Hot on the heels of a nationwide ban in India over the Maggi food scare where samples were found to contain high salt content, MSG and even excess lead, the Ministry of Health in Sri Lanka is now calling for stricter regulations on the use of flavor enhancers in products such as instant noodles.

An Extraordinary Gazette Notification which was issued under the directive of the then Health Minister, Maithripala Sirisena in February 2013, details the use of flavor enhancer stating that 20 of them would be banned while regulations would be imposed on others which included Monosodium Glutamate, commonly referred to as MSG.

The Act, crafted in consultation with the Food Advisory Committee, was enacted in July 2014. Accordingly, Schedule III of Act prohibits the use of flavor enhancers in pasta and noodles.

“If you read the Act again, you will notice that flavor enhancers such as MSG cannot be used in noodles,” said Dr. T.B Ananda Jayalal Director of Environmental, Occupational Health & Food Safety at the Ministry of Health. “It doesn’t necessarily mean you can’t use it in the same packaging along with the noodles.”

This loophole, Dr Jayalal points out is why there isn’t such a ruckus over the MSG issue in Sri Lanka. “MSG is a known flavor enhancer and used the world over; it is advised that the enhancer be quantified in terms of usage and permissible levels.”

“At the end of the day, it’s the consumer’s preference,” he says. “They should be aware that the sachets of powder and fluids that accompany instant noodles does contain MSG.  It is their prerogative to use or discard.”

Asked if the Ministry would run tests to ascertain the levels of MSG and the presence of minerals, he stated that the Ministry has not initiated such tests but intends to do so.
The Nation learns that MSG is in fact used widely not only in flavor enhancers but in foods produced in all types of eateries ranging from wayside kiosks to restaurants in reputed hotels.  Ignorance on the part of consumers as well as inadequate regulations and enforcing mechanisms have put the general public at great risk, consumer advocates opine.

‘We are compliant’ — Nestlé Lanka

“We’re not saying that we don’t have MSG in our noodles, in fact, we do and we acknowledge that on the labeling,” Dr. Bandula Egodage, Vice President of Corporate Affairs & Communication of Nestlé Lanka PL said adding that it was one of Nestlé’s core policy to ensure that labels remain explicit.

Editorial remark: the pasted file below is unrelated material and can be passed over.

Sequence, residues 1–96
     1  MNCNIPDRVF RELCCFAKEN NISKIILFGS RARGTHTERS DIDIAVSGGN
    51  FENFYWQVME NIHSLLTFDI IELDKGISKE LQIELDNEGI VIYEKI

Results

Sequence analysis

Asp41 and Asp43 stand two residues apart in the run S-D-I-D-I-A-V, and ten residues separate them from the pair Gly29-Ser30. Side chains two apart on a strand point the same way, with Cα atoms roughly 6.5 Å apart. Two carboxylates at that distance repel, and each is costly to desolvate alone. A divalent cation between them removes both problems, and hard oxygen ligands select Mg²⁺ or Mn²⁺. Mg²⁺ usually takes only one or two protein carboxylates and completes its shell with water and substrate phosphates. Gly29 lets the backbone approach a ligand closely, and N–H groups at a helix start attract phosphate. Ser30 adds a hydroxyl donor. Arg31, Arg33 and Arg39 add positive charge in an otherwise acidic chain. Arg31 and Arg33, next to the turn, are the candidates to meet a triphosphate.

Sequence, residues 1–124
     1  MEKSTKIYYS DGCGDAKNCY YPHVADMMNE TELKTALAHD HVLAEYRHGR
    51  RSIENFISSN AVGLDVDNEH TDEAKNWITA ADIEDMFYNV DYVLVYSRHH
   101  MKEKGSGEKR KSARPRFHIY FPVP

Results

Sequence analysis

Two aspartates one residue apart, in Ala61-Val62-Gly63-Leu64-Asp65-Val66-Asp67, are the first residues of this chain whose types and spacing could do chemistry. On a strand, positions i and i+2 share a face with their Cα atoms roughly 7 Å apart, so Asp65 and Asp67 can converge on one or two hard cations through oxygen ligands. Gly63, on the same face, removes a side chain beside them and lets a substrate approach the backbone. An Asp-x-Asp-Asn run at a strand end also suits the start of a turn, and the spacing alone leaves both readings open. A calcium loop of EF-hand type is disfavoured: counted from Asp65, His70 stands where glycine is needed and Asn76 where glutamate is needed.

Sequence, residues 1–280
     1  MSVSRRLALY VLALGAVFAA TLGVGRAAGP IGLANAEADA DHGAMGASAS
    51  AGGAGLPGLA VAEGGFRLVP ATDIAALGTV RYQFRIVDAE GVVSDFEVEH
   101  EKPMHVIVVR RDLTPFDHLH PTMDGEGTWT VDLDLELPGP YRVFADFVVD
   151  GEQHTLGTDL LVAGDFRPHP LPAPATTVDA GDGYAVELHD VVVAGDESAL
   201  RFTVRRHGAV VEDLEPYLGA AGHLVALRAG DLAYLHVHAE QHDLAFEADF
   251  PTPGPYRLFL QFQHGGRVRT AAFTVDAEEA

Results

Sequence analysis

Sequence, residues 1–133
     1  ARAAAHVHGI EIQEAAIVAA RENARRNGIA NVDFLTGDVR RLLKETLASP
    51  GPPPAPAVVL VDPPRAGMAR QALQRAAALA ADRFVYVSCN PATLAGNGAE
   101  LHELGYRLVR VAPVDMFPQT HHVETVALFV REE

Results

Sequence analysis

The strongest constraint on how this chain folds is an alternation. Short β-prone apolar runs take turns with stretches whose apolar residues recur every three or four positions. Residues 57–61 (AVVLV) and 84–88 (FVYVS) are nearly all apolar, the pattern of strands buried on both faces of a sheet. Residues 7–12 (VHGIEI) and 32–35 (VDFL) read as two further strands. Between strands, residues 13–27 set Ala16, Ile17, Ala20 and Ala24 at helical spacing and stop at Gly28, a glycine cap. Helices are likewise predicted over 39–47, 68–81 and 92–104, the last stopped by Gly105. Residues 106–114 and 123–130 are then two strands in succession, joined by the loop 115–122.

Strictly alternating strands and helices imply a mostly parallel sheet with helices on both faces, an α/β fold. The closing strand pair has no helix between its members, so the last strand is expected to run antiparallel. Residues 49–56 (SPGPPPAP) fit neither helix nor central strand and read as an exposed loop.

“We’ve done our tests, we have our own lab reports and we even went to the extent of having it tested at independent laboratory, it is based on this evidence that we assure consumers with certainty that Maggi is safe to consume.”

The effect of MSG

Instant noodles are highly processed due to the fact that they are made to bear a longer shelf life. At the cost of ensuring that they remain convenient for consumers, the product is low on nutritive content; high on fat, calories and sodium; and laced with artificial colors, preservatives, additives and flavorings.

“Monosodium glutamate (MSG) as well as tertiary-butyl hydroquinone (TBHQ) – a chemical preservative derived from the petroleum industry – may be present in instant noodles for their taste enhancing and preserving properties. Though dietary intake of these elements is allowed within a limit, regular intake of these can cause severe health issues,” Dr. Sunil Sharma, general physician and head of emergency, Madan Mohan Malviya Hospital, New Delhi was quoted as saying in an Indian publication.

CAA confused or confusing?

The Consumer Affairs Authority (CAA) told The Nation that samples were sent to the Sri Lanka Standards Institute (SLSI), Industrial Technology Institute (ITI) and Government Analyst Department for tests. When The Nation contacted officials at the SLSI on Friday (5), we learned that while the CAA had inquired about getting tests, they had not sent any batches.

Meanwhile officials who did not want to be named at the ITI hinted at the possibility of finding traces of aluminium.

Deputy Director of the CAA J.M.A Douglas told The Nation on Friday that samples were still being collected from vendors and stores outstation and have not been sent for tests as yet.